#### clevo controller driver. Two is your information for linear regressing. And so our linear **regression** is going to be the equation. And we're gonna write this equation here right on. To end this section let us define the equation of straight line because **regression** line is same as equation of straight line where **slope** is m **and intercept** is c. y = mx + c. How to calculate **slope and intercept** of **regression** line. Let us see the formula for calculating m (**slope**) and c (**intercept**). m = n (Σxy) – (Σx)(Σy) /n(Σx2) – (Σx)2. Coefficients are what a line of best fit model produces. A line of best fit (aka **regression**) model usually consist of an **intercept** (where the line starts) and the gradients (or **slope**) for the line for one or more variables. When we perform a linear **regression** **in** R, it'll output the model and the coefficients.

**Regression**with Transformations. Once we add the log transformation as a possibility - for either the x-variable, the y-variable, or both - we can describe many possible data trends. The only issue is that we need to make sure we know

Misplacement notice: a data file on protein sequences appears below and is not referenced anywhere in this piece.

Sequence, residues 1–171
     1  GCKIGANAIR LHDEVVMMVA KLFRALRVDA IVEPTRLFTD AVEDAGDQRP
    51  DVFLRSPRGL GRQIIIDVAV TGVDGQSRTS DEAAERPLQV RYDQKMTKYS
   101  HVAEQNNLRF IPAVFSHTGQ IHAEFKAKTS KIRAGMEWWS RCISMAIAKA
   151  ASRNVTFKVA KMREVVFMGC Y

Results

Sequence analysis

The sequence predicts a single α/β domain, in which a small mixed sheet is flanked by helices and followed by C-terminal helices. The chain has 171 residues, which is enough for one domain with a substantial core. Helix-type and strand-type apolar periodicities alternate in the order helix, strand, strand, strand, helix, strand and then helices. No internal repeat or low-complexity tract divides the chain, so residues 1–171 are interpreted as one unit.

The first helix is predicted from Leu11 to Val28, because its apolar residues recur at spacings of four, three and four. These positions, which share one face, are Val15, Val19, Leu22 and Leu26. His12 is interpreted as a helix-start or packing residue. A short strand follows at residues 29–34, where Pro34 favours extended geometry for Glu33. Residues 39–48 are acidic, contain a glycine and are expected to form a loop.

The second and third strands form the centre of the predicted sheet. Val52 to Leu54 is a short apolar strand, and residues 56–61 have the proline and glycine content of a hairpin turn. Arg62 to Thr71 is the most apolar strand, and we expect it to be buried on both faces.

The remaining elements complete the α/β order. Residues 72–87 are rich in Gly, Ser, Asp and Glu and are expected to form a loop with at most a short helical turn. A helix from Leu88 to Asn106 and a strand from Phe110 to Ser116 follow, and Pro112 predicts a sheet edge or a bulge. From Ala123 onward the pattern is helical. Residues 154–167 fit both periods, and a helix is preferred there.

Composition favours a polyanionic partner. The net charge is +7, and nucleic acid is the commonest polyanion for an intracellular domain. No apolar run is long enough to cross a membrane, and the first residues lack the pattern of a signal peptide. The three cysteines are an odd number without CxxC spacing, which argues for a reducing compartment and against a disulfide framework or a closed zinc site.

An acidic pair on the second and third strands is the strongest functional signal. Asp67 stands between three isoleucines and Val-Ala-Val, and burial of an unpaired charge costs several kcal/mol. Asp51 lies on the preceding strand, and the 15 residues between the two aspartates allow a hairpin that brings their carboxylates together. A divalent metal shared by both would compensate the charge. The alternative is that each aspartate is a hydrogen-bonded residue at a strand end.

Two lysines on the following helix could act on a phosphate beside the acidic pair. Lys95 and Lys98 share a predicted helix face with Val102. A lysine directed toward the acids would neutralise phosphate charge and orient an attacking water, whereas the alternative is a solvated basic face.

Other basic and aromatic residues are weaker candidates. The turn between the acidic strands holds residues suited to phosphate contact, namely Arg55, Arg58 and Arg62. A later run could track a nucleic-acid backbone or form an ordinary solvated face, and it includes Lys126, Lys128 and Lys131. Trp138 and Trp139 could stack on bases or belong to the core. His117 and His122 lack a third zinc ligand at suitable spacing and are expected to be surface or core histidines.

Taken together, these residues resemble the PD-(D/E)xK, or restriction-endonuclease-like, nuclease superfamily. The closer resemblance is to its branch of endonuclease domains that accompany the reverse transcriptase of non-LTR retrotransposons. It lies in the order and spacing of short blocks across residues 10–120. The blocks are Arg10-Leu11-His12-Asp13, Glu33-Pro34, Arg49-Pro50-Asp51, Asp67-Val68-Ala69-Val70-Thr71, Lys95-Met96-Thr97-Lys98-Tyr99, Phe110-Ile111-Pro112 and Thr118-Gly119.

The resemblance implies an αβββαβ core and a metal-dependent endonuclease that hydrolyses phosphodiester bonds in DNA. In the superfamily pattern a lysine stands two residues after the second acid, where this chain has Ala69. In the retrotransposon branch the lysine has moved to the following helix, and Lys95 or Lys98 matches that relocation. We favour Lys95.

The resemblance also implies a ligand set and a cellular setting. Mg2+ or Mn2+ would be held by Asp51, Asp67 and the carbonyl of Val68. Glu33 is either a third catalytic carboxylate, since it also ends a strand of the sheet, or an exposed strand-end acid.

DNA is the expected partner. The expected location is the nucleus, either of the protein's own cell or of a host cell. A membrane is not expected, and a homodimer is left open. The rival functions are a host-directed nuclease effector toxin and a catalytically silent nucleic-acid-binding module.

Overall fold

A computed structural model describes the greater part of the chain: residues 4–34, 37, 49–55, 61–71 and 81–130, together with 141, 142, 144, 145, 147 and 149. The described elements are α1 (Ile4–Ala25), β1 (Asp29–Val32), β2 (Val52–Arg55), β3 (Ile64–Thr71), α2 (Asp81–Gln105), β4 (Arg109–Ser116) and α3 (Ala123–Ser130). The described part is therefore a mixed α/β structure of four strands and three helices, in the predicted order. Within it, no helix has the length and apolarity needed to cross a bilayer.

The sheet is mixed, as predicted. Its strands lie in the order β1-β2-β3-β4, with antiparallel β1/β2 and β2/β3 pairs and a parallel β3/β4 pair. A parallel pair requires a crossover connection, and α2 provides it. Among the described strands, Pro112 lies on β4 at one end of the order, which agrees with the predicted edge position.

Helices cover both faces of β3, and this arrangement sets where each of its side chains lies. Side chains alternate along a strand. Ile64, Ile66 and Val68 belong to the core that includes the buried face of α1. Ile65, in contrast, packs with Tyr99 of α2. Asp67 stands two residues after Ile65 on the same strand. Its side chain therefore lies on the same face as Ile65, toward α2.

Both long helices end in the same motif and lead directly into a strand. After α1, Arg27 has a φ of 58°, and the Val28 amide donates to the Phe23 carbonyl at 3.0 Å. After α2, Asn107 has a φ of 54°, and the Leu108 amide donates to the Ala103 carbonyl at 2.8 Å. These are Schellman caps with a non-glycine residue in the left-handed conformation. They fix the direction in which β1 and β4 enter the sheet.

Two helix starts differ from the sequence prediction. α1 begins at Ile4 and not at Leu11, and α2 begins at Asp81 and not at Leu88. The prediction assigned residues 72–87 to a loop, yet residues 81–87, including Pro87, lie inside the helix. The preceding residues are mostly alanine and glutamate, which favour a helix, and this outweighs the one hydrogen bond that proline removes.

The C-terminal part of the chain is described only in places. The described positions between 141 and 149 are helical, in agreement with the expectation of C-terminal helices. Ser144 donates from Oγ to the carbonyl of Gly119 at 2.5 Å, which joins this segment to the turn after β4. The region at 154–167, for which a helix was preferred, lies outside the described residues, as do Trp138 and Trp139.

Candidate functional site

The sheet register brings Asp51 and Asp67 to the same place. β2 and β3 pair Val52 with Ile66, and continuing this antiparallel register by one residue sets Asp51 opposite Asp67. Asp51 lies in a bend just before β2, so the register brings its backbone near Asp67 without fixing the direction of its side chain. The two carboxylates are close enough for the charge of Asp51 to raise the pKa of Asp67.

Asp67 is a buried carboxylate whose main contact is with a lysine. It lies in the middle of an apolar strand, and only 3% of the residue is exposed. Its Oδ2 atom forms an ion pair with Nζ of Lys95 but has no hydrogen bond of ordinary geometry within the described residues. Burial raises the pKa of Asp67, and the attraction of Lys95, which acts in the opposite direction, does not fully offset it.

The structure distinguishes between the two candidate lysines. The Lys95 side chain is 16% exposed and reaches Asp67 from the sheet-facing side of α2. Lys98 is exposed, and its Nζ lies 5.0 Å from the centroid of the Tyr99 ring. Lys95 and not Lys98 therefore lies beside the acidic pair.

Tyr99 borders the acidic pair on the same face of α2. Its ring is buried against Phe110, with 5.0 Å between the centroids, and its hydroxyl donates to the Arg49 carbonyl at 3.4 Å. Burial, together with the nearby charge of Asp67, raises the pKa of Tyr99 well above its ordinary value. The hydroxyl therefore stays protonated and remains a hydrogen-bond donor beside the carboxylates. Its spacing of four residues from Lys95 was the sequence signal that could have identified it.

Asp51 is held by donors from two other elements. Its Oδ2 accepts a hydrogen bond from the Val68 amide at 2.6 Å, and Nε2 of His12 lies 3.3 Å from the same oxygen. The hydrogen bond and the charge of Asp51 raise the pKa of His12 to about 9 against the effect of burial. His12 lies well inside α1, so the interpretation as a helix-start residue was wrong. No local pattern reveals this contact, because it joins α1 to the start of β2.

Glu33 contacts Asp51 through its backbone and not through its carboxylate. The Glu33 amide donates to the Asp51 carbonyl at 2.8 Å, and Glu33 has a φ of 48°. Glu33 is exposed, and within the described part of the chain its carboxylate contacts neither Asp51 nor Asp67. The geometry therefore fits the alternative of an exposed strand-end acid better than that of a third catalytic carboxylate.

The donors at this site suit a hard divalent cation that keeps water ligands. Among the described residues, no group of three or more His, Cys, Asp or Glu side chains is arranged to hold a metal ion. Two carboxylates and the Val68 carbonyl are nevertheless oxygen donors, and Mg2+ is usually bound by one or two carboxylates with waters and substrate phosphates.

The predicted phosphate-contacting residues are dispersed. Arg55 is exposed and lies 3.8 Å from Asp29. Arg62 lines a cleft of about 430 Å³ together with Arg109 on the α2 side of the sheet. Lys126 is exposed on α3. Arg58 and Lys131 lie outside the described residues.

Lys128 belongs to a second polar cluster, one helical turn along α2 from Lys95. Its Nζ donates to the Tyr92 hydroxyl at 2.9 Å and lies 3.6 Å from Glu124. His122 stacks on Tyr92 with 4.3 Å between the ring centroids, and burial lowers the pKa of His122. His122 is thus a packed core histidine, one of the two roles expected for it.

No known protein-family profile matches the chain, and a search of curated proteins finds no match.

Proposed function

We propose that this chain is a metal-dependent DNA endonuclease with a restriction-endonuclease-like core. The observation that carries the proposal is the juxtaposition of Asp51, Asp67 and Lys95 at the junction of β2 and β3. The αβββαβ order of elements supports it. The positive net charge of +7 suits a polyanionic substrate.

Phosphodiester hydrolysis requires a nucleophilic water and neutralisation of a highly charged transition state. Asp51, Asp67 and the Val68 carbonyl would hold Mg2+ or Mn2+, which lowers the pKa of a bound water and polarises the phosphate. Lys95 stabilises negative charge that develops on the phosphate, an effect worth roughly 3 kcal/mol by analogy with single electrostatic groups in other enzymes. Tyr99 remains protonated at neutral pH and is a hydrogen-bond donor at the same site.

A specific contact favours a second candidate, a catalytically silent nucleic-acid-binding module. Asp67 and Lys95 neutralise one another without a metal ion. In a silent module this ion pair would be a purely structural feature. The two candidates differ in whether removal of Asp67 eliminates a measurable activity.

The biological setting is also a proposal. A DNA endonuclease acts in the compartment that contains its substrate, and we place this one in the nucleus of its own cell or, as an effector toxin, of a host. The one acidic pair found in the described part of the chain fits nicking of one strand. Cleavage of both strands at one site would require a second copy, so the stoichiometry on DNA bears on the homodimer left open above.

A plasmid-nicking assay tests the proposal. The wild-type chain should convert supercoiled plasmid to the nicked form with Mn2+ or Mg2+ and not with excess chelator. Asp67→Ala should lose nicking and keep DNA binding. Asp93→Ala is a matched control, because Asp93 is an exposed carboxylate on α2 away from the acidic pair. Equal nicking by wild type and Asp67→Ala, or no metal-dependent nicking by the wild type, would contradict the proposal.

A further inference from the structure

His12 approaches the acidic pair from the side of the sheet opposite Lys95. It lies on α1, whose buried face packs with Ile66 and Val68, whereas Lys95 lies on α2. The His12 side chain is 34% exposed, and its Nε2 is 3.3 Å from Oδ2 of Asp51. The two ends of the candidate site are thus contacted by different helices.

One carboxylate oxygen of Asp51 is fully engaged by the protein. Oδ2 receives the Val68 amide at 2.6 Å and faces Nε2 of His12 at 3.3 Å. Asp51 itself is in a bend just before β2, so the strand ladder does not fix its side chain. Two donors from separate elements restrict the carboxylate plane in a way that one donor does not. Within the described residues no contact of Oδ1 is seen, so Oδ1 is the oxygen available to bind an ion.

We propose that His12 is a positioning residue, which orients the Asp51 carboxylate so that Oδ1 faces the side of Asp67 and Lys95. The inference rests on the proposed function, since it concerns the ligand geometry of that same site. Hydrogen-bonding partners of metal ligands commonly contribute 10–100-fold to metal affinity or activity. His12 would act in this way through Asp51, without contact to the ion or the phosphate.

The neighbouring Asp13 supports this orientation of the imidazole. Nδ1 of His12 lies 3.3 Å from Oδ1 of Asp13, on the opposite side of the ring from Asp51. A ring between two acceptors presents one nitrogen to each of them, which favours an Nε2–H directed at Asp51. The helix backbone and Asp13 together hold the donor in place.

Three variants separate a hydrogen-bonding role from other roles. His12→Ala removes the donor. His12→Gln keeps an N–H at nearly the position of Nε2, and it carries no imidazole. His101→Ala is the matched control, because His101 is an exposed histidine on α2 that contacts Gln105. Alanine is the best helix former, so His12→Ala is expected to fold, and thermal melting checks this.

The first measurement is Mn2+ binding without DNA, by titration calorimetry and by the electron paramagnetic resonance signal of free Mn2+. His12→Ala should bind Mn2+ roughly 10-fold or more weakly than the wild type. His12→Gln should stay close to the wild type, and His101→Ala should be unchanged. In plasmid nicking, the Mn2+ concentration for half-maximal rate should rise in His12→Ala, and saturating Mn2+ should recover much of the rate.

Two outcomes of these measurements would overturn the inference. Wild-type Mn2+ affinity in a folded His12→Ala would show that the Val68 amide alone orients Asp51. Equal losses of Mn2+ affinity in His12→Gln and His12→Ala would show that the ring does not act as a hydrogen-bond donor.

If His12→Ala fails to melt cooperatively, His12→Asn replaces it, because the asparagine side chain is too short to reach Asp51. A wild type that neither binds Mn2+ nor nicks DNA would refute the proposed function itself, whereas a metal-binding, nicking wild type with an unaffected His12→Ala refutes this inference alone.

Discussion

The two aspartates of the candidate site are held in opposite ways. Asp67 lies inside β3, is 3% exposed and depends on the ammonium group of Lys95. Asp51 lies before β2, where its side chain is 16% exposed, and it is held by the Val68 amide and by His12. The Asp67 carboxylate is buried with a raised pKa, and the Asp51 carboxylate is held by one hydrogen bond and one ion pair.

**how**

**to**

**interpret**the

**slope**estimate in our model after the transformation. The expected

**intercept**of 0, however, is not significantly different than the calculated value of 3.60. Note that the larger standard deviation for the

**intercept**makes it more difficult to show that there is a significant difference between the experimental and theoretical values. Using the Results of a

**Regression**

**to**Make Predictions.

**And**, if the relationship is curved, we can still fit a

**regression**model to the data. Pearson's correlation coefficients measure only linear relationships. Consequently, if your data contain a curvilinear relationship, the correlation coefficient will not detect it. R-squared is a primary measure of

**how**well a

**regression**model fits the data.